by Marc M. Batschkus
Why archive in the first place?
Since archiving is a migration process, it moves files from production storage to archive storage. Saving space on production storage saves investment and keeps the number of files to a reasonable level, reducing risks, and increasing efficiency.
The archive preserves files for the long-term and creates a file memory of the company. This, in turn, makes referencing and re-use of files extremely easy. Files of returning customers are found easily. Any form of re-purposing and monetisation becomes easier.
This begs the question, what is the best way to archive video files?
In this article, we will explain how to best archive your video files to increase efficiency and reduce risk. For a discussion on how to protect video storage, look here.
5 Different Ways to Archive Video Files
An archive works differently from a backup. Where a backup overwrites itself after a specified retention time is reached, an archive is usually forever growing.
An archive is planned for years or decades to operate and therefore needs additional information, like metadata, to locate files.
Metadata can either be technical like care type, lens, and focal length; or descriptive, like who is visible in the video. Additionally, P5 Archive displays thumbnails of media and proxy clips for visual browsing.
So, let’s look at what the best way to archive video files is.
Method #1: Archive to LTO tape
Videotape has been part of workflows for a very long time. With the move to tapeless processes, data management has a central role in a production.
Re-introducing tape as a medium might sound counter-intuitive at first. Though, LTO tape is very different from any videotape. Multiple layers of security like error correction, read-after-write, servo tracks, air gap, etc. assure the data integrity. A shelf life of 30 years adds a long-term perspective.
Those are the reasons why many large corporations and financial institutions rely on tape for long-term storage.
Tape speeds scale with the number of drives in a tape library with each drive reaching up to 360MB/s. Multiple drives also offer multiple jobs to be running simultaneously for either backup, archive, or restore.
As a result, LTO tape is the most affordable option for long-term archive. The initial investment in hardware and software is needed, and ongoing operation on premises assures access but also needs resources. All things considered, for many cases, LTO tape is the best way to archive video files.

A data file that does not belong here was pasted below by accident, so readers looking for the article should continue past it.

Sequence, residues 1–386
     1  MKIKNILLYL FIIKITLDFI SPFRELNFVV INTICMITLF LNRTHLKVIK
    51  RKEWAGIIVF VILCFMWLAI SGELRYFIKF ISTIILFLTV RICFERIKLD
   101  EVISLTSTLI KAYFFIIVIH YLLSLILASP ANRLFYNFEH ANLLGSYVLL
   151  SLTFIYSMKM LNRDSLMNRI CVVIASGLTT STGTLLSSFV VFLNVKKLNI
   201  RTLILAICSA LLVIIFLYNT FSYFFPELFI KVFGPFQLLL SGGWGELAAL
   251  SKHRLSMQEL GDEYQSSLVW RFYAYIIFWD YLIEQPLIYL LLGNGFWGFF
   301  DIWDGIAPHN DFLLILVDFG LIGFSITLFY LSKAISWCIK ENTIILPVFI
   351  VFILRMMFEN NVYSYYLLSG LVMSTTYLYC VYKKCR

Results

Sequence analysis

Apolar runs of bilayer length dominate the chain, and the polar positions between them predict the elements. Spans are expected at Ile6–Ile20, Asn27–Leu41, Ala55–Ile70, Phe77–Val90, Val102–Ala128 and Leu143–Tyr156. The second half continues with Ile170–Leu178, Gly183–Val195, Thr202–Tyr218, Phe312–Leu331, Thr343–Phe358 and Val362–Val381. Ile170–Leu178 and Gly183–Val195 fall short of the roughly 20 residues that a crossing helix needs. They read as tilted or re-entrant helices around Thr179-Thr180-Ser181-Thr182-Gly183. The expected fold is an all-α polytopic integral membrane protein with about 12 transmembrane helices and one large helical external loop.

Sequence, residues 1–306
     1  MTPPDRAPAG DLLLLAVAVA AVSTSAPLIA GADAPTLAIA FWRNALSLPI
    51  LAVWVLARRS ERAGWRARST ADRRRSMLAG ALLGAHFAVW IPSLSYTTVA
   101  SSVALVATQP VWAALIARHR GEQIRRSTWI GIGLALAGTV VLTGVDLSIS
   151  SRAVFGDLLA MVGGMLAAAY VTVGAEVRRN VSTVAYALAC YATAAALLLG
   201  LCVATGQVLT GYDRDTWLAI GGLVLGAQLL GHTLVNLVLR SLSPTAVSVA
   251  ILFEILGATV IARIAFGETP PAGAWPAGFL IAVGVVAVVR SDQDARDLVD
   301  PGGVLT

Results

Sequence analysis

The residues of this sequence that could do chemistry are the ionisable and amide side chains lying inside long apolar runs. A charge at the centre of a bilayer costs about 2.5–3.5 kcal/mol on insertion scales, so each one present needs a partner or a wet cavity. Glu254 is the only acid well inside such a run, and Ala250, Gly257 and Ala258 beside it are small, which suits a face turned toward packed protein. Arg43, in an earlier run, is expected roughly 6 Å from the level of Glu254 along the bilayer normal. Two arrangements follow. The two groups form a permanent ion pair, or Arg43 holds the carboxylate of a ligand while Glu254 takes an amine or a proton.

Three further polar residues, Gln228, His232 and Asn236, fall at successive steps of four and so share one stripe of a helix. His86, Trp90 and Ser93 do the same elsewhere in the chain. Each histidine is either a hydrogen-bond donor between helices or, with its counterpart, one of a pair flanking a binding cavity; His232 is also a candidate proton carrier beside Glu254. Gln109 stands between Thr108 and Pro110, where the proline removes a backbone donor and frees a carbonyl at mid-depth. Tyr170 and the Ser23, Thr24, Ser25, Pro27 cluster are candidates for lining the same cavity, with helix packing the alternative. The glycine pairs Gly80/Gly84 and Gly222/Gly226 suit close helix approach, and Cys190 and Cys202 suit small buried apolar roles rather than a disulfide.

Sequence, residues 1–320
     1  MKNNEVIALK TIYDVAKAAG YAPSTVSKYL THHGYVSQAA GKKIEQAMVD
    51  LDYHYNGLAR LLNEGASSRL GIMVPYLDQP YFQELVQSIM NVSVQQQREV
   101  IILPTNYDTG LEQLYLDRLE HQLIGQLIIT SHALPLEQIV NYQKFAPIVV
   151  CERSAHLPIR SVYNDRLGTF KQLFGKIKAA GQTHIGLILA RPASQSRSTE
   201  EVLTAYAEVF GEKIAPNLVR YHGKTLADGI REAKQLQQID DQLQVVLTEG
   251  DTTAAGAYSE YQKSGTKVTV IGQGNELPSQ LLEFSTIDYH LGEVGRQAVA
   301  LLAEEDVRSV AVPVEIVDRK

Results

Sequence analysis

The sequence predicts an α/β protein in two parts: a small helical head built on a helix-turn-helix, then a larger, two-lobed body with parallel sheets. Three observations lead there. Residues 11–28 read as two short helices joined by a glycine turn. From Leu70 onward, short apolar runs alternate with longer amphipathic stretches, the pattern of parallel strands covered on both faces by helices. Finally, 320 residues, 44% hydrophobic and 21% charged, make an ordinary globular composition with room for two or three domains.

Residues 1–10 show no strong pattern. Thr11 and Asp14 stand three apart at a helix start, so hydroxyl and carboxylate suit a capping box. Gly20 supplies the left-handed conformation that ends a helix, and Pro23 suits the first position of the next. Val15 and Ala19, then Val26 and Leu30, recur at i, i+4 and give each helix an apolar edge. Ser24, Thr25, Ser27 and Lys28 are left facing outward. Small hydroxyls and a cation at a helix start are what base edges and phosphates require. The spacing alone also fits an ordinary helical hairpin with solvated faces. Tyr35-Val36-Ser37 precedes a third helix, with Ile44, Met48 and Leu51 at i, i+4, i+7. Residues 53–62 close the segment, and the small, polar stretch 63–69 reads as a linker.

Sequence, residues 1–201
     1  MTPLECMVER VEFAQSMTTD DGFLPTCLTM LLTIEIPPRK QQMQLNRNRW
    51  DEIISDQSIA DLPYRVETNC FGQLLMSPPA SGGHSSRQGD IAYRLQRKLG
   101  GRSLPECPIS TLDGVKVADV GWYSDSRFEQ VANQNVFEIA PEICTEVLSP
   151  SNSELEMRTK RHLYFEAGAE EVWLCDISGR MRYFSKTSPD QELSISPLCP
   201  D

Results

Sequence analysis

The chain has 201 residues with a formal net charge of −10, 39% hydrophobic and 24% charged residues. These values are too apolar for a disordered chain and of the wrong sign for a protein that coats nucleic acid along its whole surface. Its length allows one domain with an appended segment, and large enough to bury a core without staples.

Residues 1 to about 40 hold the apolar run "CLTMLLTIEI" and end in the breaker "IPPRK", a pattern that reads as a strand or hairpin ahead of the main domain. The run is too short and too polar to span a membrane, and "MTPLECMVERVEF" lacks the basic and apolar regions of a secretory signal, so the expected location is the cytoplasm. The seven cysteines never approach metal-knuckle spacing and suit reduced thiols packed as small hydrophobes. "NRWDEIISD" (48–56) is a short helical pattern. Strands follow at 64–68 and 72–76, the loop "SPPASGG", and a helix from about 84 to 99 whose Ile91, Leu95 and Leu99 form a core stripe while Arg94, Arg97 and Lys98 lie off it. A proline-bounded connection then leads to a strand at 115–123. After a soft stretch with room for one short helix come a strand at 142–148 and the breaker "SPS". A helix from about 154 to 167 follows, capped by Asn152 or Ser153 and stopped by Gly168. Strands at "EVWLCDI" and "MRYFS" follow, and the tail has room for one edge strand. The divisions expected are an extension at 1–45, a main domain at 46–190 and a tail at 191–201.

Method #2: Archive to the Cloud
Since Cloud storage options have become more diversified, there are services for almost any budget.
Saving files for long-term to Cloud storage has several specific advantages.
There is no need for investment in archive hardware. Starting an archive can be a matter of minutes. Since the Cloud vendor takes care of redundancy and data protection, there is no need to clone archive data for security reasons.
P5 Archive catalogs assets independently of the archive storage being used, disk, tape, or Cloud.
Savings in initial investment for hardware can be big. Over the long run, the cost of Cloud storage adds up.
Depending on the focus, the OPEX versus CAPEX perspective can favour Cloud storage over on-premise solutions. Other limitations are available bandwidth for access and possible lock-in with a Cloud vendor.
Method #3: Archive to Disk
If the timeframe for the archive is limited to only some years or if the number of users and accesses is very high, archive to disk might be the best option.
Calculating and comparing cost over multiple years to alternatives like tape and cloud might help find the most economical solution.
Careful monitoring and maintenance are required for large disk systems to replace disks and ensure data integrity.
Downsides are a relatively higher cost for expansion, power, cooling, and operations.
Method #4: Hybrid solution and Cloned Media
If local access and storage are required, an offsite copy of the archive is needed for maximum security. This can be facilitated either by cloning disk or tape storage and moving the cloned data sets offsite or by using local storage together with the Cloud.
This combination can be the best of both worlds, combining the strength of local and Cloud storage. Since local storage is not replaced by Cloud storage, additional costs need to be covered.
Method #5: Archive Everything
Reconstructing production years later can be a challenge. There might have been 3rd party tools, plugins and specific settings in use that might not be obvious.
Additionally, it is possible that certain features and tools might not be available anymore. The restored files from the archive might miss the necessary application or tool to use them.
Dependency on specific OS versions and editing suites adds to the complications.
For this reason, it makes sense to archive a complete workstation when it is replaced by a newer one. This way, all previous conditions, settings, and tools are available with minimum effort and in identical fashion.
Taking care that everything in terms of hardware and software is archived that was used during production ensures maximum compatibility and universal access.
Whether the required cost, space, and maintenance are worth the effort depends on the assets and how important access and re-creation of production and environment might be.